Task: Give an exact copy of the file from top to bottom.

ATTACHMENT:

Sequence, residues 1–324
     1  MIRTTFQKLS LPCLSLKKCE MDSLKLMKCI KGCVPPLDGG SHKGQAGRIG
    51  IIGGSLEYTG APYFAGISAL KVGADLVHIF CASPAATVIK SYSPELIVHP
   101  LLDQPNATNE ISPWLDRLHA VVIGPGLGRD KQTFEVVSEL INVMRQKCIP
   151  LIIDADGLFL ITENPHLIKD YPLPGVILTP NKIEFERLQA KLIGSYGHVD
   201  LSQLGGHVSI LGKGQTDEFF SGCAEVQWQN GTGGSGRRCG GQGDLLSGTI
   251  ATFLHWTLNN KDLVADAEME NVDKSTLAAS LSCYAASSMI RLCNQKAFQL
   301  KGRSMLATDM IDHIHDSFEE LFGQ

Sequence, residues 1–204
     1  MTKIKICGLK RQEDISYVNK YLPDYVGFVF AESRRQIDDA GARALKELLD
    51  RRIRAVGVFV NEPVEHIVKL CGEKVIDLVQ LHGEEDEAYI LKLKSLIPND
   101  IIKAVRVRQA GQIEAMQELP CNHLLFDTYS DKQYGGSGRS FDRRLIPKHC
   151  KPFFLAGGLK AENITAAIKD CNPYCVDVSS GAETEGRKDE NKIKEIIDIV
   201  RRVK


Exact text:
Sequence, residues 1–324
     1  MIRTTFQKLS LPCLSLKKCE MDSLKLMKCI KGCVPPLDGG SHKGQAGRIG
    51  IIGGSLEYTG APYFAGISAL KVGADLVHIF CASPAATVIK SYSPELIVHP
   101  LLDQPNATNE ISPWLDRLHA VVIGPGLGRD KQTFEVVSEL INVMRQKCIP
   151  LIIDADGLFL ITENPHLIKD YPLPGVILTP NKIEFERLQA KLIGSYGHVD
   201  LSQLGGHVSI LGKGQTDEFF SGCAEVQWQN GTGGSGRRCG GQGDLLSGTI
   251  ATFLHWTLNN KDLVADAEME NVDKSTLAAS LSCYAASSMI RLCNQKAFQL
   301  KGRSMLATDM IDHIHDSFEE LFGQ

Sequence, residues 1–204
     1  MTKIKICGLK RQEDISYVNK YLPDYVGFVF AESRRQIDDA GARALKELLD
    51  RRIRAVGVFV NEPVEHIVKL CGEKVIDLVQ LHGEEDEAYI LKLKSLIPND
   101  IIKAVRVRQA GQIEAMQELP CNHLLFDTYS DKQYGGSGRS FDRRLIPKHC
   151  KPFFLAGGLK AENITAAIKD CNPYCVDVSS GAETEGRKDE NKIKEIIDIV
   201  RRVK